Those who truly believed in and ‘knew’ God in each ‘community’ would recognize God’s voice in the other communities’ Prophets, and would believe in them. Those who rejected the Prophet Muhammad’s message were in fact not even true believers in their own Scriptures; they were rejecters of God. But for those who were true believers in God, and therefore recognized the message of God through this new Prophet (Muhammad), there was no fear and no ‘grief’ in store.

Nevertheless it was completely okay that each maintained its own “community” and continued to observe its own distinctive laws and rituals. The call of Islam to the “People of the Book” (Jews and Christians) was this (3:64): Say, ‘People of the Book, let us arrive at a statement that is common to us all: we worship God alone, we ascribe no partner to Him, and none of us takes others beside God as lords.’ If they turn away, say, ‘Witness our devotion to Him.’  They could remain distinct, while agreeing to a common ‘confession of faith’ – because there was one common message which they all shared.

What the Qur’an teaches about the common ground between Judaism, Christianity, and Islam (or rather, the “Muhammadan” revelation of Islam – each of the others is also considered to be a revelation of ‘Islam’), it also maintains about the other religions of the earth (or ‘branches’ in the one Religion of God – Islam): (16:36) We sent a messenger to every community, saying, ‘Worship God and shun false Gods’… This is why I say that my religious pluralism in fact makes me “muslim in spirit” in a particular way.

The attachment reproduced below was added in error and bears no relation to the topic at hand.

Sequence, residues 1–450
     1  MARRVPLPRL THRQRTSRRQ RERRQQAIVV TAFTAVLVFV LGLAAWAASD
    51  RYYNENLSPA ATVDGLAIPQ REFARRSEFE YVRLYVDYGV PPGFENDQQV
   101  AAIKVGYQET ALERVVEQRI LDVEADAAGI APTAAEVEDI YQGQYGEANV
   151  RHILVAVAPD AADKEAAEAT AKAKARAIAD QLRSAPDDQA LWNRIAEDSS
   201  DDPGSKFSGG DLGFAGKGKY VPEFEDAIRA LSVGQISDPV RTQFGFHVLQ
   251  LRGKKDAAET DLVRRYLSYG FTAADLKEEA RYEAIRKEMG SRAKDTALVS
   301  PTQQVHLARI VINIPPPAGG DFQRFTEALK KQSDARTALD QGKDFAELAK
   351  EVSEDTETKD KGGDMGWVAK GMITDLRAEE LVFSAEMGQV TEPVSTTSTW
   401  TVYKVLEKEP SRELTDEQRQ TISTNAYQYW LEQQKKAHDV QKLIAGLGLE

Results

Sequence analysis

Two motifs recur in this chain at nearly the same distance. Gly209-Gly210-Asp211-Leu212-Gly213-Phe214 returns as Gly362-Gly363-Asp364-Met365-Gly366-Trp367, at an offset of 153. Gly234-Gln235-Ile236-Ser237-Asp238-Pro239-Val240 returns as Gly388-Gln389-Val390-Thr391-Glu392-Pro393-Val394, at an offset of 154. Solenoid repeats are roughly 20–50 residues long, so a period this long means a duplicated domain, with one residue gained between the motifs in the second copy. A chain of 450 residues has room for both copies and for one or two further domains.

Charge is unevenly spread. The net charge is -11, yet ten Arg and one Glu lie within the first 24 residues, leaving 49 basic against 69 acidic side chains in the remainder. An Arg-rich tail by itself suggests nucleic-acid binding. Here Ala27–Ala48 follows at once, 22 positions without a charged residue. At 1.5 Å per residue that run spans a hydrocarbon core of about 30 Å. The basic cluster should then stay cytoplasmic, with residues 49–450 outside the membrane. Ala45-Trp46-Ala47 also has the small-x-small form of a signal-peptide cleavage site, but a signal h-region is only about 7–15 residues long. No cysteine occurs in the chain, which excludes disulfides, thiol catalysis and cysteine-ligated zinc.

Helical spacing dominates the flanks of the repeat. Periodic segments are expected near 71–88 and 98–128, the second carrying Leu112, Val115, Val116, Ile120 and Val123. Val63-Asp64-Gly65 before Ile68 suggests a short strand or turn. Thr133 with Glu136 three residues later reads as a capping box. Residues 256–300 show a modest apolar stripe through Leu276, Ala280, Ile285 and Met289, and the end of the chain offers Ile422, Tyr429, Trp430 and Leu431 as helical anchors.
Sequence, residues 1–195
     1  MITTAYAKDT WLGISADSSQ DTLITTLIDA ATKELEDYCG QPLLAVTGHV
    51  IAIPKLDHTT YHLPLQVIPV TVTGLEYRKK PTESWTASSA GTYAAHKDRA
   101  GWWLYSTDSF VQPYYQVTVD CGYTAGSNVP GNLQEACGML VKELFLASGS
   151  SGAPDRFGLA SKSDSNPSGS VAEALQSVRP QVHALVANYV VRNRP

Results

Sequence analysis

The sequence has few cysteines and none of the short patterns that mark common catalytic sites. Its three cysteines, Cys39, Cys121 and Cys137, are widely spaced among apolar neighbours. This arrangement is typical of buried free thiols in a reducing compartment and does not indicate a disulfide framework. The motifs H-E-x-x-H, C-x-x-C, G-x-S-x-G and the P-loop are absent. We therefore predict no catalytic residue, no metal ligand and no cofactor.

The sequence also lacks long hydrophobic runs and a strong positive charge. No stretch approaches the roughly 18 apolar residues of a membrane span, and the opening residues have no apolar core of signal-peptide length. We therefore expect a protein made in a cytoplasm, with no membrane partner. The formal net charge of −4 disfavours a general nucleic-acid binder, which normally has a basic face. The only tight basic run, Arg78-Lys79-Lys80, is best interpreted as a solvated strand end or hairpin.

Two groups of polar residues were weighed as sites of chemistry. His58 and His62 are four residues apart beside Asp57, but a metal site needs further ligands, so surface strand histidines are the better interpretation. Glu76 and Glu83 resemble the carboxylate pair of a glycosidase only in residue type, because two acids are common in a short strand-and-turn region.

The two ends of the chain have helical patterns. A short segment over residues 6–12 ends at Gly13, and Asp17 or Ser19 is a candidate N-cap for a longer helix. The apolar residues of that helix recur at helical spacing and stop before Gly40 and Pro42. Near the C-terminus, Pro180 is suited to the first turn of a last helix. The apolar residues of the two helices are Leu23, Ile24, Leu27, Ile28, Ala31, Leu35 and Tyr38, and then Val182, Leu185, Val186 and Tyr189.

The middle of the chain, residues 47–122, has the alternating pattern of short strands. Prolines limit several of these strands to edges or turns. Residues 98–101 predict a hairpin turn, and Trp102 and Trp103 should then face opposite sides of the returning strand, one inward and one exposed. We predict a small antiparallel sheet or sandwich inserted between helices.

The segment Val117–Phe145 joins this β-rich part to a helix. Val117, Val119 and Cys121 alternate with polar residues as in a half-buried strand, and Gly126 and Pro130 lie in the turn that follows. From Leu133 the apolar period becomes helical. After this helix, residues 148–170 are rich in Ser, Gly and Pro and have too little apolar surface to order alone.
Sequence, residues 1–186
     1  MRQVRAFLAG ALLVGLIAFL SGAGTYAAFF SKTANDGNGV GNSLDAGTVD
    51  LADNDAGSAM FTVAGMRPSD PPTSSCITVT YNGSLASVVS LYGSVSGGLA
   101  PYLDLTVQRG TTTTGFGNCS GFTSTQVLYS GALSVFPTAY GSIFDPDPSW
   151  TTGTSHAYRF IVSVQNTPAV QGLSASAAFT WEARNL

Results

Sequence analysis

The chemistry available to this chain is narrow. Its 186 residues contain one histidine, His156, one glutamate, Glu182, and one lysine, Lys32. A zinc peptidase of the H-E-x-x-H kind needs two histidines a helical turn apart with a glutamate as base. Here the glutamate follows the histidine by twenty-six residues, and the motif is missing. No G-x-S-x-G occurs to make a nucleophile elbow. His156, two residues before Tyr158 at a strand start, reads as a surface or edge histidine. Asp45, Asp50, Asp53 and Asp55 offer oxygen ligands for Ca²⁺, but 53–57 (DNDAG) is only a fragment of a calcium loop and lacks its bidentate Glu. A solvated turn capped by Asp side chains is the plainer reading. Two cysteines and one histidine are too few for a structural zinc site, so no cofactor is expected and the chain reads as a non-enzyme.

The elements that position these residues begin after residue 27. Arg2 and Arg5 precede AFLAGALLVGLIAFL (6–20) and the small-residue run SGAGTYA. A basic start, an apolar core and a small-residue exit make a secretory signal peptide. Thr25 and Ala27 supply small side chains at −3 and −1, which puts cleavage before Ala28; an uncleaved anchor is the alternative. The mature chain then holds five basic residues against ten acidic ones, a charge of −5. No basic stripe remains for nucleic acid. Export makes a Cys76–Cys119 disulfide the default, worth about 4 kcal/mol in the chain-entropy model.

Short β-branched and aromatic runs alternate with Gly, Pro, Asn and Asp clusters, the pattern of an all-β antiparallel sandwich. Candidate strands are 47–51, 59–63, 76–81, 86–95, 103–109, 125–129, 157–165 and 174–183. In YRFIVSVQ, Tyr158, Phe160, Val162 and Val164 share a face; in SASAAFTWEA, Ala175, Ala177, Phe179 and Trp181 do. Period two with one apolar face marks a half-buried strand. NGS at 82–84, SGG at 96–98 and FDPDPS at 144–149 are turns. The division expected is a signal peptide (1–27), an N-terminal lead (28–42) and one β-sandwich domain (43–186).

Now why do I say that I am not a “capital ‘M’ Muslim”, and that I’m not “muslim in letter”? I believe that in the Qur’an (and in fact in the other Scriptures as well) there are at least 2 sorts of revelation given. There is the primary message, shared by all the ‘branches’ in God’s religion; and there is supportive revelation: laws and rituals meant to enforce the primary message, impressing it on the minds, hearts, and lives of the believers. These are the laws and paths which the Qur’an says are given to each community, which make each one distinct. They are among the things that constitute the ‘packaging’, as it were, in which the primary message is delivered to each branch in God’s Religion.

Just as these laws and rituals differ from one ‘religion’ to another, so it is possible for a person to meditate on the various rituals and perceive the truth they are intended to express – and then dispense with the rituals and forms themselves while expressing the truth contained in those rituals in thought, word, and action. This is the path I have chosen – indeed, I believe it is the path on which God has placed me. I don’t seek to follow the rituals of Jewish Islam, Christian Islam, or “Muhammadan” Islam. I dispense with all ritual, while seeking to keep to “the heart of the matter”. At most, I’ll sit quietly in my chair in “meditation”, and perhaps chant “Hu” (a very old name for God, chanted in the same way as Buddhists chant “Om”). But I don’t even do the chanting very often.

But at the same time, I’m not “evangelistic” in seeking to persuade anyone else to follow my path. I certainly don’t believe the rituals are wrong, ‘backward’, or evil; and I don’t look on those who practice them as ‘less’ than me. I don’t consider that my rejection of all rituals makes me ‘more spiritual’ in a superior sort of way. I believe each person should follow that path on which he/she is comfortable and can maintain a good conscience before God. And if anyone wishes to say that I’m in serious error, it will not make me angry at him/her. 🙂